Monday, February 25, 2013

Judith Bloom Fradin, Cheerleader for Non-Fiction

Judith Bloom Fradin's remarkable writing career has spanned three decades already. And there's much more still to come. Writing with her husband, Dennis Fradin, who passed away in August, they have produced more than 150 non-fiction books for children and won countless awards, such as the ABC Choice Award, IRA Teacher's Choice Award, and School Library Journal Best Book of the Year. They have made a tremendous contribution to feeding hungry minds with fascinating information on topics ranging from tsunamis to Sacagawea to slavery.

Their most recent recent books include Zora! The Life of Zora Neale Hurston (Clarion Books, 2012), which gives a detailed and fascinating account of the life of the Harlem Renaissance darling and author of Their Eyes Were Watching God; and The Price of Freedom: How One Town Stood Up to Slavery (Walker, 2013), about how the townspeople of Oberlin, Ohio, banded together to protect a runaway slave.

Question: Many of your books focus on African American history and the lives of prominent black Americans. What has inspired you to write stories like Zora! and The Price of Freedom?

Judith Bloom Fradin: Dennis and I got hitched in March of 1967. The following September, we both started teaching in all-black schools. I taught English at Marshall High School on Chicago's west side and he taught second grade across the street at Faraday Elementary School. Since we only had one rickety used car, that worked well for us.

Both schools were educational wastelands. Classes were large. There were few books in either building worthy of our eager-to-learn students. The literature anthologies at Marshall contained brief excerpts from novels and plays, most of those less than riveting. Once Dennis's second-graders learned to read, there were no engaging books for them. So we took matters into our own hands.

I had my students purchase a paperback called Black Voices, a compendium of African-American prose, poetry, drama and essays by the likes of Langston Hughes and Countee Cullen and Gwendolyn Brooks and James Baldwin and Richard Wright and Malcolm X. Dennis held his second-graders' attention at the end of the day by spinning stories about remarkable figures in black history. The deeper we delved into these topics, the more intrigued we became. One thing led to another, as Dennis loved to say. . .

Q: You and Dennis have been prolific writers. Where does the spark of an idea for a book come from?

JBF: During the second half of the 1990s, we worked together on From Sea to Shining Sea, a series of state books. The last full chapter of each book focused on that state's famous people. The seeds of many future Fradin books were found in the course of researching those chapters.

In other cases, a publisher asks us to do a series of books, such as the Marshall Cavendish series Turning Points in U.S. History, or we collaborate at designing a project like the Witness to Disaster series we wrote for National Geographic Children's Books.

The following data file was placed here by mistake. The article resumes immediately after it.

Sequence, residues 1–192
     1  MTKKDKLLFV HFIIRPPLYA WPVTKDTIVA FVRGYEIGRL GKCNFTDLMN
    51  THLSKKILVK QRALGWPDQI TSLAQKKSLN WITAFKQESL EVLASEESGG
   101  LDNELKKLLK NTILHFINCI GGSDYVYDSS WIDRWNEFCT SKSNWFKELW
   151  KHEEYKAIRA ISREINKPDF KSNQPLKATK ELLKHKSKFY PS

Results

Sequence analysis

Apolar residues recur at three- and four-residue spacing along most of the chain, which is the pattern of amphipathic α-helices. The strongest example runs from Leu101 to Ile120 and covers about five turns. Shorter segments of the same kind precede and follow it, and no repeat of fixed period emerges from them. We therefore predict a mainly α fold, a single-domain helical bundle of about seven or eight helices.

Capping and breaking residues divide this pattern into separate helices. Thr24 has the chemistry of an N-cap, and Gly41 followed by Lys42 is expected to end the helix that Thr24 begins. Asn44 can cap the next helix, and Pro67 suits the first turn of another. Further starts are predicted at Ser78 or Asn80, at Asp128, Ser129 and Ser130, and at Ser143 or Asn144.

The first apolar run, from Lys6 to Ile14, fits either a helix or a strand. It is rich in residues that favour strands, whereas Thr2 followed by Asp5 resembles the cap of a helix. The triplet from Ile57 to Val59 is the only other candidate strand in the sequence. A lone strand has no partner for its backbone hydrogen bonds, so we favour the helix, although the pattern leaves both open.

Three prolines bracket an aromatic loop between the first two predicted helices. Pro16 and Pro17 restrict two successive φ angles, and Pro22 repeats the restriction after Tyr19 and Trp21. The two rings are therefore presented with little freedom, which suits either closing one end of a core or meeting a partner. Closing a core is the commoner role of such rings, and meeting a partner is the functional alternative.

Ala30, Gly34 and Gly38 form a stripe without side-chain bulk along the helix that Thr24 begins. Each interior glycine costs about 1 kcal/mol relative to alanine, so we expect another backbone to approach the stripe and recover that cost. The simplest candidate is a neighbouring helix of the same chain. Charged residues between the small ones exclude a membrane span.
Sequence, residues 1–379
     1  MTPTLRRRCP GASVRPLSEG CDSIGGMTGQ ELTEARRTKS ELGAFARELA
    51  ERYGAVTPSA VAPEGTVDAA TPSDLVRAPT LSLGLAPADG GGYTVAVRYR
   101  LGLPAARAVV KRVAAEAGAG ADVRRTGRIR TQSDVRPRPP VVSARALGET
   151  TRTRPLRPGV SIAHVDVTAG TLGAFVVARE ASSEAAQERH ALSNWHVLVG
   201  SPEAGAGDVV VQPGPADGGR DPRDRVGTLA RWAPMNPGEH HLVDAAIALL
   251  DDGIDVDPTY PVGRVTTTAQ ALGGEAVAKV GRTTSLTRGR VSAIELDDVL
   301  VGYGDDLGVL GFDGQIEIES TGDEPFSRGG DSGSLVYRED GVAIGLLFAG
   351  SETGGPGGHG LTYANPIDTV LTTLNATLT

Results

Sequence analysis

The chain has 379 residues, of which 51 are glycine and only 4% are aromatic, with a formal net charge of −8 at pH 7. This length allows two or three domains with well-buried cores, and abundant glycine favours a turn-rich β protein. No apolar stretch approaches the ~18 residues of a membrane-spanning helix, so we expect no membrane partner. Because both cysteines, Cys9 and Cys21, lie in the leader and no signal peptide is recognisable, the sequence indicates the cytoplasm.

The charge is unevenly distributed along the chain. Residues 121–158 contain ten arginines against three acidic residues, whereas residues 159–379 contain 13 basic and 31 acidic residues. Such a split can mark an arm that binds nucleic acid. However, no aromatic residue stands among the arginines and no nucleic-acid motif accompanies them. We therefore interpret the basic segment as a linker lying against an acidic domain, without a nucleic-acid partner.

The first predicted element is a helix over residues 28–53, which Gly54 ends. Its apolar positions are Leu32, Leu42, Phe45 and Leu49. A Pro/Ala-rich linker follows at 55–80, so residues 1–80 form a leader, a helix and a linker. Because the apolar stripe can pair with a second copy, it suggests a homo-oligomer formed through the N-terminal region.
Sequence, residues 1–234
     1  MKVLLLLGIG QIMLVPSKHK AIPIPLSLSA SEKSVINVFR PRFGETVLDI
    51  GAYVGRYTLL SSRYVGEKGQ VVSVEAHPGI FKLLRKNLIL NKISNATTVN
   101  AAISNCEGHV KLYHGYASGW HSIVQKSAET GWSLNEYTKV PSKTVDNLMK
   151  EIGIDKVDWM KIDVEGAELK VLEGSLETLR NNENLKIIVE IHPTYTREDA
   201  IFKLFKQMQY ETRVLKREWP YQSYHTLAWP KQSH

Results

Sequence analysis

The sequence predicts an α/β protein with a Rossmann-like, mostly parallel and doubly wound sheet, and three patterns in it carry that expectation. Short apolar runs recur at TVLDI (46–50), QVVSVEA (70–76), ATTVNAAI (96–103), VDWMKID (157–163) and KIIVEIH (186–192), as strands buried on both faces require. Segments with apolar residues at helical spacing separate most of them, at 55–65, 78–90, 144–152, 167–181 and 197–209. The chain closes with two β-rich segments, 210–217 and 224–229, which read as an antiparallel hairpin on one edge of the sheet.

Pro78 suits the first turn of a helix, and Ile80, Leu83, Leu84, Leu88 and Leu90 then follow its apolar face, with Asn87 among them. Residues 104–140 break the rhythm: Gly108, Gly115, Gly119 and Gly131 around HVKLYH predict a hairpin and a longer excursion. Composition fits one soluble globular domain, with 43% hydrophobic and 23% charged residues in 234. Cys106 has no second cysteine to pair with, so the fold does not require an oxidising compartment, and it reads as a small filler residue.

We've had the good fortune to work with many of the best editors in the business on these various projects. But our favorite books are those born from ideas that we propose.

Dennis's favorite of those was his Samuel Adams: The Father of American Independence (Clarion).  He loved reading and writing about colonial history. My personal favorite thus far is our Ida B. Wells:  Mother of the Civil Rights Movement – also a Clarion book. One "Father," one "Mother." I think Ida is my favorite because it's our first literary child – the first extensive book we worked on together. Also because Ida B. Wells-Barnett was a complex, difficult, intrepid, and mesmerizing woman.

Our Clarion biographies paved the way for our other stand-alone books like 5,000 Miles to Freedom, Stolen into Slavery (both National Geographic Children's Books), and The Price of Freedom (Walker).

Q: The details you include in books like Zora! – such as when she finished her manuscript to a book but could not afford the $1.83 it cost to mail it to her Philadelphia publisher – are fascinating and lend so much to the richness of your biographies. How much research do you do for your books? And how long does it take to write them? 

JBF: I like to tell schoolchildren that my name is Judy "Research" Fradin. I LOVE research. For Dennis, library research was his means to the end of writing the book. For me, the picture research is primary. Ultimately, the two are endlessly intertwined, pulling us and, we hope, our readers, deeper and deeper into our story.

Q: What stories do you enjoy writing the most? What stories resonate most with you? 

JBF: We're both drawn to the quirky story that either hasn't been told before or that has been forgotten. There are still a few such Fradin books in the pipeline!

Q: Considering your body of work, what do you hope to accomplish as a writer?

JBF: I can't speak for Dennis, who has accomplished so very much. We frequently spoke, however, about non-fiction as a method of reaching a wider group of students.

Q: What do you hope young readers take away from your books?

JBF: Again, speaking for myself, I'd hope our books would inspire students to read more non-fiction, discovering how fascinating our world can be. Just call me a cheerleader for non-fiction!

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